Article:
“We have carefully considered the submissions. What binds this Court is that the judgment of the Division Bench in the case of Chaturbhuj Dwarkadas Kapadia v. CIT 260 ITR 491 (Bom.). The Division Bench held that the date of contract is relevant provided the terms of the contract indicate passing off or transferring of complete control over the property in favour of the developer. The Division Bench laid down the test for determining the date which should be taken into account for determining the relevant accounting year in which the liability accrues. In the present case, the Appellate Tribunal has taken into consideration various clauses in the development agreement. Sub-clause (d) of clause (3) of the agreement provides that after full payment of consideration, the construction shall be undertaken by the developer. Admittedly, on the date of execution of the development agreement, the entire consideration was not received by the respondent assessee. The physical possession of the property subject matter of development agreement was parted with by the respondent assessee on 1st March, 2008. It was held that on that day, complete control over the property was passed on to the developer. After having perused the various clauses in the agreement and the aforesaid factual aspects, the Tribunal has taken 1st March, 2008 as the date of transfer. This finding is fully consistent with the law laid down by the Division Bench in the case of Chaturbhuj Dwarkadas Kapadia (supra). Therefore, no fault can be found with the impugned judgment of the Tribunal when it was held that the investment made in the sum of Rs. 50,00,000 by the respondent assessee on 22nd August, 2008 was within the period specified under Section 54EC of the said Act.”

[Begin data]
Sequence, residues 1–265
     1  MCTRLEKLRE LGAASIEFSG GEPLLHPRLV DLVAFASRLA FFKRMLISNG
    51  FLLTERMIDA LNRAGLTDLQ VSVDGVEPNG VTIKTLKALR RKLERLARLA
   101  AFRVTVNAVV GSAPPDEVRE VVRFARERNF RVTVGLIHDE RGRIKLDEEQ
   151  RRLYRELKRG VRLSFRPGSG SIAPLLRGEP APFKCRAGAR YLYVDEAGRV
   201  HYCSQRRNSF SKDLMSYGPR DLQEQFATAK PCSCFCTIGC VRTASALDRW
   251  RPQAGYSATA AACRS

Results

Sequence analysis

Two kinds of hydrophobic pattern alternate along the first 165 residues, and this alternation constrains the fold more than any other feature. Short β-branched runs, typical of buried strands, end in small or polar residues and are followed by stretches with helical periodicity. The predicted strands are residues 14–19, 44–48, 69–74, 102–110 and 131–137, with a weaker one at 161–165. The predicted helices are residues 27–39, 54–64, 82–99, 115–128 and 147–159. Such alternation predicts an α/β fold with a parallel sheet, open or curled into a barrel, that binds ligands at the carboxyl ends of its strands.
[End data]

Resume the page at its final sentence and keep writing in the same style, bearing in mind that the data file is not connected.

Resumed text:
13. Keeping in view the aforesaid clear factual aspect of the matter and the legal position emerging, we have no hesitation to hold that the Tribunal has committed no illegality in reversing the order of the Commissioner by holding that the transfer within the meaning of Section 2(47)(v) had taken place only in the Assessment Year 2002-2003 as we find that vide agreement dated 30th April, 2001, the actual possession was given to the Developer and it was not given the basis of Power of Attorneys and so called oral agreement entered into between the Appellants and the Developer in the year 1993-94.
14. Thus, in our considered view the AO as also the Tribunal have correctly appreciated and interpreted the Power of Attorney/s the agreement dated 30th April, 2001 and the stand taken by the Appellants in reply to the notice under Section 148 of the Act.
15. In the circumstances, we affirm the order passed by the Tribunal by holding that the Tribunal has rightly reversed the order of the Commissioner and while reversing the order of the Commissioner, it has correctly appreciated the facts and law and there is no illegality or perversity in the order of the Tribunal warranting interference.
16. In view of the aforesaid, both the Appeals are dismissed.
[Citation :401 ITR 105]